Leadership--the ability of leaders to stay connected with others while maintaining their principles and values.  Having a clear vision of where one wants to go, and articulating that to the best of one's ability--inviting others to join, but allowing people to disagree and walk away from that vision.

Asking different questions--Usually, we get caught up in trying to offer the same answers to the same questions.  It takes thought, creativity, and imagination to ask different questions.

Changing self instead of changing others--When you operate within a system, changing your own stance affects everything around you--if you maintain connectedness.  Simply acting or thinking differently will impact others.  The unfortunate corollary is that the system will try to bring you back to the way you were acting previously.  The ability to maintain one's stance while staying connected in the face of resistance is important.

Realizing you are responsible for your self and not for others--this can be difficult for those of us in "helper" professions.  We want to help people, ease pain, be compassionate.  Sometimes, the most compassionate thing is to allow people to work through their own emotional pain and suffering instead of trying to fix things.

These are just a few items that Bowen Systems Theory tells us about.  I find them very compatible with Christianity and much needed in the cultural milieu that surrounds us.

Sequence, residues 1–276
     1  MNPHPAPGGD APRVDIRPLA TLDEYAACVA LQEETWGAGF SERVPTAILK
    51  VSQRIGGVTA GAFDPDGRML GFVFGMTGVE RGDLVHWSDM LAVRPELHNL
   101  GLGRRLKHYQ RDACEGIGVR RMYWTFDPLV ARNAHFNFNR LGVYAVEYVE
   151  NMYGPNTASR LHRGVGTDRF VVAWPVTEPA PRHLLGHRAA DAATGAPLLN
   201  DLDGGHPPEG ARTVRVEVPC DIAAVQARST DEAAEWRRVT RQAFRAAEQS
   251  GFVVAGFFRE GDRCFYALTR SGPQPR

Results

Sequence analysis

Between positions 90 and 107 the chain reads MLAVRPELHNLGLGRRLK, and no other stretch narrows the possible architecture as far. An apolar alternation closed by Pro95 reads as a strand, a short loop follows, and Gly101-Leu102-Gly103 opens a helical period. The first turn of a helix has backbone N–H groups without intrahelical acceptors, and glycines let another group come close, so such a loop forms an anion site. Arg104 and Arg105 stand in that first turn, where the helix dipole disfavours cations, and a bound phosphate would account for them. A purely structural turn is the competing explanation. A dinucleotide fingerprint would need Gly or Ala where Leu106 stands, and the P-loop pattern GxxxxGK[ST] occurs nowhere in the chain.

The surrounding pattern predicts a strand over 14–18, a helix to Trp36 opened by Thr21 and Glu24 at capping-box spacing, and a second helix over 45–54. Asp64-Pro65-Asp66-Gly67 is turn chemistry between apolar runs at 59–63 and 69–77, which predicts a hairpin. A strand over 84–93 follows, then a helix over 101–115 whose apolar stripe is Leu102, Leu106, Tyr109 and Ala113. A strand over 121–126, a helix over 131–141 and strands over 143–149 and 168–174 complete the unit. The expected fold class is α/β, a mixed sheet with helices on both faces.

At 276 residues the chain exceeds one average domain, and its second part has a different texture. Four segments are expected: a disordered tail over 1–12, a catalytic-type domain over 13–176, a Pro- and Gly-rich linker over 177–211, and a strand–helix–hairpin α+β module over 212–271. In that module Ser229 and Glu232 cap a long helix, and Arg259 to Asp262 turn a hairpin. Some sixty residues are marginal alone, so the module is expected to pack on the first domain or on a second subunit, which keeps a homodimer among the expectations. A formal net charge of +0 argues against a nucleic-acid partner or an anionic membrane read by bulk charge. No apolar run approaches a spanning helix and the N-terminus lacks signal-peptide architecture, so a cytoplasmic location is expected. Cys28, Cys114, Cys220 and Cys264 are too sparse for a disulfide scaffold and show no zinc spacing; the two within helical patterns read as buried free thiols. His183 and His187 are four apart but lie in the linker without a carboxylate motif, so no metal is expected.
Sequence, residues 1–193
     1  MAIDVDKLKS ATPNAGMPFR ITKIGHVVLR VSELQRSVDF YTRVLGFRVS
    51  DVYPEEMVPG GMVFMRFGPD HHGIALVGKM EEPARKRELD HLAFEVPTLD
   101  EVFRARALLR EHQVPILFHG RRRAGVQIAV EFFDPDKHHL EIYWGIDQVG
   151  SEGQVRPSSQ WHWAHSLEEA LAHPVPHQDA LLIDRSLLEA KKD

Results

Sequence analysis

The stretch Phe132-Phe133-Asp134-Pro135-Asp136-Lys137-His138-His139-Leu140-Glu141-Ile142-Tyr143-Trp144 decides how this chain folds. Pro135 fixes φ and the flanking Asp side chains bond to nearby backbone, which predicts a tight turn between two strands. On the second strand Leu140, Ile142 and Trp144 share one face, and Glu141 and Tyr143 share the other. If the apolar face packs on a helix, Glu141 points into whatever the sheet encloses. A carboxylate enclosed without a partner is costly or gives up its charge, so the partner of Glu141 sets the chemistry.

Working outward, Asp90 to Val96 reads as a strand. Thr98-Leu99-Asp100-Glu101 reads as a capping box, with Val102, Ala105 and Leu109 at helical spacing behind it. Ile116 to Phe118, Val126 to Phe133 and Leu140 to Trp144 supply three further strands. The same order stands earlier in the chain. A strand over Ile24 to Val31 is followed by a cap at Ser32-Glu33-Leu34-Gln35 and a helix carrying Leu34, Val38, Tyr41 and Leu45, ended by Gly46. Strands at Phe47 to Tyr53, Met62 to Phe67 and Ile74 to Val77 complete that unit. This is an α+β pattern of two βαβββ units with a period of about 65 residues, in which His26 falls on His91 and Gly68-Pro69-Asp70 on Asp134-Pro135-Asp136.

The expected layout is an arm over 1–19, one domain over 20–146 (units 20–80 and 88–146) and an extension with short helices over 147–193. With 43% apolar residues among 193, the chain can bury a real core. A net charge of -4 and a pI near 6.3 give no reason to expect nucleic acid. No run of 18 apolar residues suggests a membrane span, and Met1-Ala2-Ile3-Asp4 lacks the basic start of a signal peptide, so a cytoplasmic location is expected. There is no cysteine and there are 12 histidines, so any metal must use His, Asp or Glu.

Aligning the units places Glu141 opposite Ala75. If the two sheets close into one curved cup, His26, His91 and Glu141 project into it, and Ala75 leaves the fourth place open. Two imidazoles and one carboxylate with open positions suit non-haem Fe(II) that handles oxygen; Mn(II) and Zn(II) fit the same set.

I have often said that Christianity is not about how you treat the people who agree and are like you, but how we treat those who are different from us in their beliefs and actions.  Fundamentally, God could have cut us off and stopped negotiating with us and we with Him.  We didn't follow His law and were deserving of punishment and death (the ultimate cut-off in negotiation)--and in fact, there are several instances where God threatened this very thing.  We don't like following God's law and way of doing things because 1) it's hard and 2) it's a lot more fun and easier doing all those things which are self-centered.  For centuries, God operated by trying to punish us and make us follow the law, but God recognized the futility of doing this, so He changed His stance.  He sent a Savior who took our sin upon Him.  Instead of punishment, through Christ, we were given freedom.  And now, we have the choice to abuse it or use it to fulfill God's purposes.  It was a fundamentally different way of doing things.  It raised different questions and prompted a different way of interacting with the world.

This is a message I believe the world, especially the U.S. needs to hear.  Unfortunately, we in the church are not immune from those emotional processes affecting our nation.  We too are experiencing polarization around issues.  We too are affected by all the political debate. 

Is it possible to break through such things?  Is it possible to break through the "I will not negotiate!" attitude and maintain relationships even through disagreement?

Yours truly wouldn't still be a part of his particular denomination if he didn't believe it was possible.  It can be done.  It's difficult, but I think it's worth it.

4 comments:

Kathy said...

I cannot believe this!!!! What about Luther and the Lutherans???

Here I stand! I will not negotiate with that Pope! I will separate and remain separate for 500 years!

Gimme a break.

Kevin Haug said...

Thank you, Kathy, for reminding us once again about how much you miss your Lutheran upbringing.

Kathy said...

Very funny.

Kevin Haug said...

:-D